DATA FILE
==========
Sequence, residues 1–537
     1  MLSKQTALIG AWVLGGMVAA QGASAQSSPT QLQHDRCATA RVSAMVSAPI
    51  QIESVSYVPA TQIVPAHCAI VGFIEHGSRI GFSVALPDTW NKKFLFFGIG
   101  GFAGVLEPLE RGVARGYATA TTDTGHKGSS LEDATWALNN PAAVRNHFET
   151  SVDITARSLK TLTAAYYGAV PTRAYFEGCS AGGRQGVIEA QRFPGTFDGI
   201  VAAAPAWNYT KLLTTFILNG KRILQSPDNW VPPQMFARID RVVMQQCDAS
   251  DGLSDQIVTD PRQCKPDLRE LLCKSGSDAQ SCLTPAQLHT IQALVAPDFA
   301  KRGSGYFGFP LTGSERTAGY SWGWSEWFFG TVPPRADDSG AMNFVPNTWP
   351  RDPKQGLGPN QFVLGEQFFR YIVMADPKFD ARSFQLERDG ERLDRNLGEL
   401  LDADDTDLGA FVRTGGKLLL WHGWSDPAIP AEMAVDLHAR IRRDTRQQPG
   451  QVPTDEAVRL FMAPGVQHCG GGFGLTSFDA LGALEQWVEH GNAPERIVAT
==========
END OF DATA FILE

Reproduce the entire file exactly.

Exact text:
Sequence, residues 1–537
     1  MLSKQTALIG AWVLGGMVAA QGASAQSSPT QLQHDRCATA RVSAMVSAPI
    51  QIESVSYVPA TQIVPAHCAI VGFIEHGSRI GFSVALPDTW NKKFLFFGIG
   101  GFAGVLEPLE RGVARGYATA TTDTGHKGSS LEDATWALNN PAAVRNHFET
   151  SVDITARSLK TLTAAYYGAV PTRAYFEGCS AGGRQGVIEA QRFPGTFDGI
   201  VAAAPAWNYT KLLTTFILNG KRILQSPDNW VPPQMFARID RVVMQQCDAS
   251  DGLSDQIVTD PRQCKPDLRE LLCKSGSDAQ SCLTPAQLHT IQALVAPDFA
   301  KRGSGYFGFP LTGSERTAGY SWGWSEWFFG TVPPRADDSG AMNFVPNTWP
   351  RDPKQGLGPN QFVLGEQFFR YIVMADPKFD ARSFQLERDG ERLDRNLGEL
   401  LDADDTDLGA FVRTGGKLLL WHGWSDPAIP AEMAVDLHAR IRRDTRQQPG
   451  QVPTDEAVRL FMAPGVQHCG GGFGLTSFDA LGALEQWVEH GNAPERIVAT